Lesson 15 of 19
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Using the State of the Collection Report

Our State of the Collection Report is an in-depth and personalized reporting feature provided to Basecamp and Summit Edelweiss+ Analytics libraries. (Details of the various subscription levels can be found here.)

This report will provide you with an objective assessment of the strengths and weaknesses of your library’s collections, identify specific areas to focus on, and enable you to track improvement over time. The audience for this report is just you and your library– no one else sees this information

The report can be accessed by adding it as a widget on your homepage. When the new report is run, it will arrive as a link to an interactive app that you can, if you wish, print as a PDF. You’ll be able to view previous reports, manage your recipients, and more.

The idea behind the State of the Collection Report is to provide a comprehensive look at your collection from the macro, market level all the way down to pinpointing individual titles. Since we’re comparing collection performance across the market place, this report uses industry-wide genre specifications, which are added to each title by the publishers. While each library system has their own unique collection codes, the book industry itself has a more consistent and universal classification system.  Segmenting by industry genre allows us to set realistic benchmarks for you to focus on, rather than comparing the performance of a genre like Art / Architecture to Comics & Graphic Novels, which is generally the more traditional approach… simply because no other tool really exists to see these market-wide performance benchmarks. You don’t have to do anything on your end to send us genre classification data.

This report measures your book collection only.

Each category is ‘graded’ according to 4 different measurements:

  • Freshness: Using the Edelweiss+ Analytics Shelf Days analysis, an overall measure of the % of your own collections that is circulating well, or not.
  • Relevance: Do you own the titles that are selling or circulating well everywhere else?
  • Hit Rate: Measuring the effectiveness of your collection development, this measure shows whether or not newly published titles that you stocked were ever checked out.
  • Turnover: How many times per year the average title circulated, a good overall measure for how well your collection performs, so to speak.

We have identified and implemented these four measures that, together, represent a solid approximation of a very healthy collection. Basically, managing towards the optimization of these four measures helps lead to a healthy collection, and a healthy collection makes a happy community.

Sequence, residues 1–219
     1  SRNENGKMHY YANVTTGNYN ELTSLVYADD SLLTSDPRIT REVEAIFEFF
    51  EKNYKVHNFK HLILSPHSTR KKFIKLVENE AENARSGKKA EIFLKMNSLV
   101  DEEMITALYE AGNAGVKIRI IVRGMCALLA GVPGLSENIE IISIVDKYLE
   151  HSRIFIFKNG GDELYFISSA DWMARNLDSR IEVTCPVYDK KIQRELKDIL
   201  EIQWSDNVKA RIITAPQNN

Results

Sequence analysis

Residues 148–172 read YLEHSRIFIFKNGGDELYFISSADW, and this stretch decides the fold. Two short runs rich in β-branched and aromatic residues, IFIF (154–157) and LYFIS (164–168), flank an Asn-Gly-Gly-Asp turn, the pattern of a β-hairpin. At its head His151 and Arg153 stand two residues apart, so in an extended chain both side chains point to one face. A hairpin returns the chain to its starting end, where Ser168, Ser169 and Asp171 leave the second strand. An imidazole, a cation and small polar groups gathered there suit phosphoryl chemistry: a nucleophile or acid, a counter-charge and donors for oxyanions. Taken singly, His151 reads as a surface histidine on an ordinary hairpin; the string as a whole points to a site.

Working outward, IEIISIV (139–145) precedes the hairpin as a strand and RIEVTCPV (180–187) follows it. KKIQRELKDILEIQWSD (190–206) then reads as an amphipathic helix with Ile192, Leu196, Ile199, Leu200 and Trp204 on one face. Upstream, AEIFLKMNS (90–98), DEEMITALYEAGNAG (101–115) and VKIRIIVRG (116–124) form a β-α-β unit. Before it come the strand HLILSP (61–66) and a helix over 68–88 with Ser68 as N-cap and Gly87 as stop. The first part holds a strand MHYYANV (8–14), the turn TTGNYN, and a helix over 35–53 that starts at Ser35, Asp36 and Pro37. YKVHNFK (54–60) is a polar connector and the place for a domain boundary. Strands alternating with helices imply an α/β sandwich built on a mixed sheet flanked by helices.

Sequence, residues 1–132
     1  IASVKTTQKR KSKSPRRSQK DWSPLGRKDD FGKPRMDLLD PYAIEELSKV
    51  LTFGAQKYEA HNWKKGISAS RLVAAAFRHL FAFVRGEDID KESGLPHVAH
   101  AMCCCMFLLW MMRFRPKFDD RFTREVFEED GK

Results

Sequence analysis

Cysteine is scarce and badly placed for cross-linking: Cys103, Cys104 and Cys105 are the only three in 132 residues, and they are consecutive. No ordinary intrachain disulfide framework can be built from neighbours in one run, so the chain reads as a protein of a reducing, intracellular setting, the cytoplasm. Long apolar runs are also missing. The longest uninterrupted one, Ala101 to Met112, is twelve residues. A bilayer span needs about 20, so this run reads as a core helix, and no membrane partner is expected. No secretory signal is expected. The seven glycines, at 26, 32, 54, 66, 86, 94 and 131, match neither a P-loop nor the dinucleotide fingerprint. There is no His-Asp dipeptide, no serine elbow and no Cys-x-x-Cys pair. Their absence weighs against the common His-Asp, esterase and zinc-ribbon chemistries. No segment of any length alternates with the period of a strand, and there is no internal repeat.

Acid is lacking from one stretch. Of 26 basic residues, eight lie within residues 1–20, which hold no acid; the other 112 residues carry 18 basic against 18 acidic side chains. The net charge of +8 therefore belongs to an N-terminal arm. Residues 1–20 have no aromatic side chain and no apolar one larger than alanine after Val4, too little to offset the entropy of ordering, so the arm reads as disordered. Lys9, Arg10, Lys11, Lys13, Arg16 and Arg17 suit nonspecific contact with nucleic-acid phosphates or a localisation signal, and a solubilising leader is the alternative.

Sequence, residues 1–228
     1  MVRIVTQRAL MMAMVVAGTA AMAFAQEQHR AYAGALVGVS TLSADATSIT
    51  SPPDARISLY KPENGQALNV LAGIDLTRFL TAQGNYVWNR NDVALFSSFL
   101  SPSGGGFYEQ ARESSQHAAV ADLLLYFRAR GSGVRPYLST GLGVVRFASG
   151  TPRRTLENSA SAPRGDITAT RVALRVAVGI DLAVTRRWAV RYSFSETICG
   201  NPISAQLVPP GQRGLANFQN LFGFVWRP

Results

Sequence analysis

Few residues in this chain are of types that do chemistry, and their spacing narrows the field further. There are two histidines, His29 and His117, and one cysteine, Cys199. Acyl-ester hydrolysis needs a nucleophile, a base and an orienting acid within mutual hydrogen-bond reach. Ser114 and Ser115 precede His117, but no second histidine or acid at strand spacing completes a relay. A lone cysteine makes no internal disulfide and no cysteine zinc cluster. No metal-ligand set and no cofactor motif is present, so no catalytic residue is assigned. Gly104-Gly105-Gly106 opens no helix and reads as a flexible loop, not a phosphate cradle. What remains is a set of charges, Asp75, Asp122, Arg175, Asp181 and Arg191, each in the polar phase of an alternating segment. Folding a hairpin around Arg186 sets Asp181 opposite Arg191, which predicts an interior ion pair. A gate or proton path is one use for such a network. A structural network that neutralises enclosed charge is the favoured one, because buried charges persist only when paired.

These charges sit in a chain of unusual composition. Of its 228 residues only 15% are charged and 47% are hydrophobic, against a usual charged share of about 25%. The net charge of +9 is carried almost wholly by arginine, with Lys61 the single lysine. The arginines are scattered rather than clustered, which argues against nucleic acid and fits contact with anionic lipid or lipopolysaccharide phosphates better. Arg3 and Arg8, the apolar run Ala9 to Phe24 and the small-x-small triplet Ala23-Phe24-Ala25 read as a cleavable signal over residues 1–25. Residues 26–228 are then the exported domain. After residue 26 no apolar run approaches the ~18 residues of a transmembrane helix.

Helpfully, the State of the Collection Report’s format allows you to track performance over time and provides a consistent way to communicate goals, issues, and victories with board members and directors, as well as staff members.

Navigating the State of the Collection Report

Navigating around the Stat of the Collection Report is pretty simple, but we’ll call out a few helpful tools for you:

The bottom right of each page provides a way to advance to the next or previous page:

The arrow keys on your keyboard will advance you through these pages as well.

*Note that you can zoom in using <CTRL><+> (on your keyboard) and zoom out by hitting <CTRL> <->.

Most helpfully, the Jump To allows you to immediately click through to any page in the report:

If you have multiple branches for which we receive data, you can switch between them in the lower left:

The State of the Collection Report starts out at the highest level, assigning average ‘scores’ for each of the 4 Shelf Report measurements to your entire book collection. As you progress through the report, you’ll dive deeper and deeper in to specific genres and will be able to dive on down to the title-level. Basically, you can see a problem area in a specific category and see which specific titles are either causing the issue, or which could help to fix the issue, as the case may be. Simply click in to a graph to see the titles in it.

Cover Page, Top 15 Lists, and Dashboard

The first few pages of your State of the Collection Report give a quick high-level overview.

The Cover Page shows a quick, basic view of the 4 Shelf Report Measures, their current score, and any change since your last report for your entire collection (books only):

In the case shown above, this library’s Freshness score has dropped 4.4% since the last report, and the Turnover score has jumped a whopping 11.8%.

Click the ? icon next to each measure to see details about how that score was calculated:

Top 15 Lists: